Milles, Carl, 1875-1955  Search this
Newman, Barnett, 1905-1970  Search this
Noguchi, Isamu, 1904-1988  Search this
Reinhardt, Ad, 1913-1967  Search this
Rivers, Larry, 1925-2002  Search this
Rosenberg, Harold, 1906-1978  Search this
Rothko, Mark, 1903-1970  Search this
Schapiro, Meyer, 1904-  Search this
Schuyler, James  Search this
Smith, David, 1906-1965  Search this
Still, Clyfford, 1904-1980  Search this
Extent:
10 Linear feet
Type:
Archival materials
Collection descriptions
Sound recordings
Drawings
Greeting cards
Illustrated letters
Paintings
Cartoons (humorous images)
Photographs
Collages
Date:
1939-1978
Summary:
The papers of New York editor and art critic Thomas Hess measure 10.0 linear feet and date from 1939 to 1978. The collection includes biographical materials, correspondence, extensive writings and notes, artists and subject files that also include recorded conversations with artists and others, printed materials, photographic materials, and artwork.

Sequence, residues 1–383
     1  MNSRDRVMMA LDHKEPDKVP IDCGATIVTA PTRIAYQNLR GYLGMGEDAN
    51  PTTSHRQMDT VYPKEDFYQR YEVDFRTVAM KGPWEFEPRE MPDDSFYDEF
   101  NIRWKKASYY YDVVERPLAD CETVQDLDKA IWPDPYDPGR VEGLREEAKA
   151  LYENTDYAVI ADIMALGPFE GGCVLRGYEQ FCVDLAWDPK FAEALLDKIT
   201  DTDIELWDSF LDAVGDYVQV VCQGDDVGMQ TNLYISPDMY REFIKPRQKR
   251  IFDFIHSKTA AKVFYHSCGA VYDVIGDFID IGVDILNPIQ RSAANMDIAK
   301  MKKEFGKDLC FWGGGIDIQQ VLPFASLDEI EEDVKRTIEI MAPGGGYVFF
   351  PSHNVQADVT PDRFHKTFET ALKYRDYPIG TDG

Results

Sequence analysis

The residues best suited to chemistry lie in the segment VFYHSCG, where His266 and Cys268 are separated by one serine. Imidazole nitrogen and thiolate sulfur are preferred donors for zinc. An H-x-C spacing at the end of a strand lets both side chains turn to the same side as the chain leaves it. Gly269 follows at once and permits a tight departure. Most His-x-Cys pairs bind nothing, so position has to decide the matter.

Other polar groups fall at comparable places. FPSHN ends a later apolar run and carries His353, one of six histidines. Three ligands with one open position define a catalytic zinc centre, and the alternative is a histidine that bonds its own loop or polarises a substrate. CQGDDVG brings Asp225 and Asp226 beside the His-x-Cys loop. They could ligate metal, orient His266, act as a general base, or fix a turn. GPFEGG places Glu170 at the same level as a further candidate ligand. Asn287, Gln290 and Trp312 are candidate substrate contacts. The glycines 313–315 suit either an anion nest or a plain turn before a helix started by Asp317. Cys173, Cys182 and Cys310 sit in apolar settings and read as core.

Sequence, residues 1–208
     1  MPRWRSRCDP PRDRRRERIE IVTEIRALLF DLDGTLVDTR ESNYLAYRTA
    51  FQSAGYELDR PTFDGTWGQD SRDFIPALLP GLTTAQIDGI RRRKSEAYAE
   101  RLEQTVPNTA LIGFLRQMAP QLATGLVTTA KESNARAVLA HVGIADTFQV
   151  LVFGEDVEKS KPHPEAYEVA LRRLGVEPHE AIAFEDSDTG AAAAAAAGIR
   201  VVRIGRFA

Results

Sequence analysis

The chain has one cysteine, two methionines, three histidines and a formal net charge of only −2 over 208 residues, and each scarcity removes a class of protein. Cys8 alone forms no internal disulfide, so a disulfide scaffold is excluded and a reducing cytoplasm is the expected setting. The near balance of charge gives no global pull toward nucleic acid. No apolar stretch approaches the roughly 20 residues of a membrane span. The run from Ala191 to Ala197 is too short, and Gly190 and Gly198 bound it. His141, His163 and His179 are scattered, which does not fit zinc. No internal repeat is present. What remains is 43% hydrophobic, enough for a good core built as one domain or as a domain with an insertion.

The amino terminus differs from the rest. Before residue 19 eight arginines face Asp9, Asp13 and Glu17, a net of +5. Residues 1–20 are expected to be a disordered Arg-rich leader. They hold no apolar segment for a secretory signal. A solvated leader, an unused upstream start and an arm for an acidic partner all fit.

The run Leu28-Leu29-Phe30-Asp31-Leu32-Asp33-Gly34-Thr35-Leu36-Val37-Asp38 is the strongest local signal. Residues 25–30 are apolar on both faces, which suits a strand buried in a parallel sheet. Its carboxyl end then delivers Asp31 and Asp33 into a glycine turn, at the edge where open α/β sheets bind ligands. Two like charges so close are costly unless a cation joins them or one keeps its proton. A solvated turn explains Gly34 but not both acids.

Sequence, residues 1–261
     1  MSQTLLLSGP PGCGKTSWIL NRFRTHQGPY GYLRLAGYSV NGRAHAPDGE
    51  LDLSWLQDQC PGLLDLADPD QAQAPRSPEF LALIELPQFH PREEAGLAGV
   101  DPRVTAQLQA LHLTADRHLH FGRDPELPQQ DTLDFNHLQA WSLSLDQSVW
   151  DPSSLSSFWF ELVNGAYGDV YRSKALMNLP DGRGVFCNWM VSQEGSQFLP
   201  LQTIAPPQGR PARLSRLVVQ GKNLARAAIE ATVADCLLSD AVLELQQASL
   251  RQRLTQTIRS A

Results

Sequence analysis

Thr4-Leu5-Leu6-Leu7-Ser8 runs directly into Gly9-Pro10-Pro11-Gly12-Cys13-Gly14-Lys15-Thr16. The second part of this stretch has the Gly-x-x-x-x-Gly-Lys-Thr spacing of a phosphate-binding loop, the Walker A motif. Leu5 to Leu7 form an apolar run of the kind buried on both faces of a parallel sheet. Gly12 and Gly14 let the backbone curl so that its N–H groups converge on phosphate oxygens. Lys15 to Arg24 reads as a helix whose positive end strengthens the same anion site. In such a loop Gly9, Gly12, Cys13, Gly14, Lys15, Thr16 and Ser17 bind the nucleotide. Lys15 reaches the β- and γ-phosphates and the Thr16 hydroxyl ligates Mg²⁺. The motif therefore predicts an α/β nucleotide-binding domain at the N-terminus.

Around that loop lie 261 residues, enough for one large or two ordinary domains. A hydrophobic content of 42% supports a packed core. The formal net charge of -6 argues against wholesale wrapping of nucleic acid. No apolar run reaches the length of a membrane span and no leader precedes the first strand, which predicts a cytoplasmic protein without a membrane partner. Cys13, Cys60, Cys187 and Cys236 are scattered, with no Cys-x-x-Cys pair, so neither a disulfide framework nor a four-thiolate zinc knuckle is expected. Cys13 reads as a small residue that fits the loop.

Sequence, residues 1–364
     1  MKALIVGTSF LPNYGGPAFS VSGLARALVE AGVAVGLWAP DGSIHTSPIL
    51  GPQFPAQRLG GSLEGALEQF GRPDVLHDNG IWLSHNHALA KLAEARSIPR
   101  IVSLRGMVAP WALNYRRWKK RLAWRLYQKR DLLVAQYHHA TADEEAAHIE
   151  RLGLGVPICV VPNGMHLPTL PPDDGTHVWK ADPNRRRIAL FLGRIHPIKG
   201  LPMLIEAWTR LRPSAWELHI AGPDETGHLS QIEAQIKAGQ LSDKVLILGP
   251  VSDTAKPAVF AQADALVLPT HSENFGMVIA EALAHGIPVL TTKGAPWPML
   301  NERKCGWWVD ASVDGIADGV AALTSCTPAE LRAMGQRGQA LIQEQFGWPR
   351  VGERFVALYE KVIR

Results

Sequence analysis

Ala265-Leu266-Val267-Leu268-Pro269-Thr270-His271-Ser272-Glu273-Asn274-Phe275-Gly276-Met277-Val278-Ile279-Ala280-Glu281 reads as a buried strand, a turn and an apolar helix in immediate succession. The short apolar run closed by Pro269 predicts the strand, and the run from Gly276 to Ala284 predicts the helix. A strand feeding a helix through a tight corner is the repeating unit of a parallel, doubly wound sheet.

Scope and Contents:
The papers of New York editor and art critic Thomas Hess measure 10.0 linear feet and date from 1939 to 1978. The collection includes biographical materials, correspondence, extensive writings and notes, artists and subject files that also include recorded conversations with artists and others, printed materials, photographic materials, and artwork.

Biographical material includes a certificate, architectural plans, investment information, invoices, publisher and loan agreements, will for Paul Stamm, and resumes. Correspondence is with members of Hess' family including his wife and children, Philip Guston, Meyer Schapiro, David Smith, James Schuyler, Forrest Bess, Elaine de Kooning, Barnett Newman, Larry Rivers, Clyfford Still, Ad Reinhardt, and others.